Why should we do a reserve study or fund our reserves?

There are a number of other basic and equally important principals that also apply:

Fairness –  The most fair and equitable means to fund the Reserves is by making sure that everyone is contributing their fair share over the period that they benefit from these commonly-owned assets. “Everyone who lives under this roof pays their fair share towards the replacement of the roof.” Without doing a Reserve Study, it is impossible to determine what that “fair share” should be.

Sound Financial Planning – As a practical matter, the funding for the eventual replacement of the commonly-owned components should be included in the annual budget. If it is not, then a large and vital part of the community’s annual budget is not being addressed. If the Reserve funding is not properly planned, then special assessments will likely be necessary when the funding is eventually needed. This holds the same importance for newer communities as it does for older communities.

Fiduciary Duty –  Members of the association’s Board of Directors have the same fiduciary responsibility to their “stockholders” (association members) as does any corporate Director. As such, there exists a fiduciary duty to operate the corporation using sound business judgment. As a “not-for-profit” corporation, community association Board members are held to the same standard of duty by which any other corporate director is measured, i.e., “did the Directors exercise their duties in the manner consistent with the judgment of a prudent business person?” When considering Reserve funding, ignoring a large and important part of the association’s annual budget will not meet the standard of judgment applied here, and therefore Board Members could be held liable for their failure to act as a Breach of Fiduciary Duty.

Contractual Duty – Community managers likewise have contractual responsibility to advise assist their association clients managing their communities’ affairs. Annual budgets and sound financial planning represent an important aspect of this responsibility. Therefore, if a manager is not emphasizing to their Boards the importance of adequately funding their Reserves, then the question can be raised regarding whether they are fulfilling their contractual responsibility. In fact, several lawsuits have already arisen from this issue of Breach of Contractual Responsibility.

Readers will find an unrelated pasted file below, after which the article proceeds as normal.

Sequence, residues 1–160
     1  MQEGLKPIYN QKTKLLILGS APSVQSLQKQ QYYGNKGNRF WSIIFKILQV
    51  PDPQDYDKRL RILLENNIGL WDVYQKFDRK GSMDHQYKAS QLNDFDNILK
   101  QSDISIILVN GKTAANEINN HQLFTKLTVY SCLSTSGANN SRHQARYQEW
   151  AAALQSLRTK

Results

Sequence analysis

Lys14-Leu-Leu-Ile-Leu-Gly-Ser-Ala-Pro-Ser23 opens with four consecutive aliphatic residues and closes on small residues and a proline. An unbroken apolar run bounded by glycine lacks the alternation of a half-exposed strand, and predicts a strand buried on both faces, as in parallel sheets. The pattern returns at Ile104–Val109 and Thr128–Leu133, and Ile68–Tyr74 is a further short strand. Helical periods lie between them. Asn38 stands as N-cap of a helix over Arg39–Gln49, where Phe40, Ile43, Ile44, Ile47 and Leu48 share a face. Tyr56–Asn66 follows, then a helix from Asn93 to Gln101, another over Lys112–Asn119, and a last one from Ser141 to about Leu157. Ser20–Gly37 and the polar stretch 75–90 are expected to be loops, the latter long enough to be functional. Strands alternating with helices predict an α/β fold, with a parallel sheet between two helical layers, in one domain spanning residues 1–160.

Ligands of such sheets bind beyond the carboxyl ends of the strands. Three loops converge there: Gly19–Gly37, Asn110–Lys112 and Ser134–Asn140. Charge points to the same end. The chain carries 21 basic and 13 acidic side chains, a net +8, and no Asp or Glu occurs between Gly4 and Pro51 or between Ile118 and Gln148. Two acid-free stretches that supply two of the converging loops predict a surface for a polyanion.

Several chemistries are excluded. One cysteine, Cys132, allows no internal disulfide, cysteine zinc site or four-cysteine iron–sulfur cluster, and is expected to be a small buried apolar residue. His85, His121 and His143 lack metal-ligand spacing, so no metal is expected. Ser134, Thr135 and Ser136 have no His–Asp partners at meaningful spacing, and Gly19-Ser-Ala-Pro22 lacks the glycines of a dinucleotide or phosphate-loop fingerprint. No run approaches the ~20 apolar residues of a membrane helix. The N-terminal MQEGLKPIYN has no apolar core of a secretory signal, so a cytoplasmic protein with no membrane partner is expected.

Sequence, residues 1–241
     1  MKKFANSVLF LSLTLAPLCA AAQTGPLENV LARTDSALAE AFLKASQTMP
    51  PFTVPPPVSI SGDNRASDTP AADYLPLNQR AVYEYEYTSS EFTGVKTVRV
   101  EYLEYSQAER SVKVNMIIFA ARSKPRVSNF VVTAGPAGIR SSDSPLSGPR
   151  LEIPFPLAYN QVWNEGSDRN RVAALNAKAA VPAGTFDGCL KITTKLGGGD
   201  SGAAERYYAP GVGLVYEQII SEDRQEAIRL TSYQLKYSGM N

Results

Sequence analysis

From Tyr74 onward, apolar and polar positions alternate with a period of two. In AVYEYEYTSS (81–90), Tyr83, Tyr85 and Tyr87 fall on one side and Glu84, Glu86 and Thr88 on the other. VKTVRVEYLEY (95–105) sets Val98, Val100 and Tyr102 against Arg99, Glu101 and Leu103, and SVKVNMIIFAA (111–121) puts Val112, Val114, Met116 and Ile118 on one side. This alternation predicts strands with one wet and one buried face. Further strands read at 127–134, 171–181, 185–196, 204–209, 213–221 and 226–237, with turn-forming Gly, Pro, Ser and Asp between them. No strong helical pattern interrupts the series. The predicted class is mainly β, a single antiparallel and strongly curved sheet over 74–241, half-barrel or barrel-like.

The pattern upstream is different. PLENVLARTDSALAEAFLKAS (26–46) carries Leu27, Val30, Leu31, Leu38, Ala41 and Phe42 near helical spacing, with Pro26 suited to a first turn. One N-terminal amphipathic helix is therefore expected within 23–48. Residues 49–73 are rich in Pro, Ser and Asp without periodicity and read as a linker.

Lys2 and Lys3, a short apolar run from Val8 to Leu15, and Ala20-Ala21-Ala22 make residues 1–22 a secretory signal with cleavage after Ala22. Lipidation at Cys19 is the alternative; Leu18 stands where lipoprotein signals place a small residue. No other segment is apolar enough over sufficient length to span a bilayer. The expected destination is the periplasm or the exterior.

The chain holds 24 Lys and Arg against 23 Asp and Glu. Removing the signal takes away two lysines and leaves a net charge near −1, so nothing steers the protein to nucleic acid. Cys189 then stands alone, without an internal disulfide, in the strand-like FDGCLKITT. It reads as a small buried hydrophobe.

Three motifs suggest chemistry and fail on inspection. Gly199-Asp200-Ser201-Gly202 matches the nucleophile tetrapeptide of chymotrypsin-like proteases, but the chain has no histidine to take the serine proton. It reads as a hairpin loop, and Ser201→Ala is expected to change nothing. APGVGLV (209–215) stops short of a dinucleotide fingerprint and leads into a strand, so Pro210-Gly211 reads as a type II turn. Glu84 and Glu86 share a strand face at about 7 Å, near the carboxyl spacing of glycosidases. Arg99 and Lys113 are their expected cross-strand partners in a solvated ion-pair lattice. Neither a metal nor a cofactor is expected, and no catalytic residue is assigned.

Statutory Duty – A growing number of states have passed legislation requiring community associations to do Reserve Studies. These include the Commonwealth of Virginia, whose statutes require reserve studies to be done not less frequently than every five years. The States of Ohio, Illinois, California, Florida, Hawaii, Nevada, and others have similar legislation. And since community associations are now the “development model” preferred by most municipalities, we are sure to see more states develop legislation addressing the issue of Reserve Funding.

In conducting seminars on the topic of Reserves and Reserve Studies around the country, my experience has been that the vast majority of the audience members understand and agree with the principals discussed here. When given the logic and responsibility of the association to adequately fund Reserves, it’s difficult to ignore the need for Reserves and Reserve Studies. For those few that refuse to grasp the logic, there is always the Greed Principal which states that “if you don’t adequately fund the Reserves NOW, then you end up paying more than your fair share when the roof or parking lot or pool deck fails.”

About the Author
Peter B. Miller, Architect, RS, is a principal with Miller-Dodson Associates, Inc., a consulting firm specializing in Capital Reserve Planning and Transition Warranty Inspections for community associations, country clubs and resorts, and religious and educational institutions throughout the U.S. and the Caribbean. A graduate of the College of Architecture and Urban Studies at Virginia Tech, Mr. Miller began his professional experience with community associations in the early 1980’s.

A frequent author and lecturer on the subject of Capital Reserves, Mr. Miller has earned the professional designation of Reserve Specialist (RS). He was the 2004 President of the Washington Metropolitan Chapter of CAI and has also served on the Board of Directors of the South Carolina CAI Chapter. In addition, he recently served as Vice-Chair of the CAI National Reserves Committee, and in that capacity, maintained a chair on the CAI National Ethics and Credentialing Committees. Mr. Miller was the 2002-2003 Recipient of CAI National’s “Award for Excellence in Chapter Leadership”, and was one of the recipients of the 2004 President’s Award for his work on the CAI Governance Taskforce.

(reproduced with permission from www.hoa-nc.com)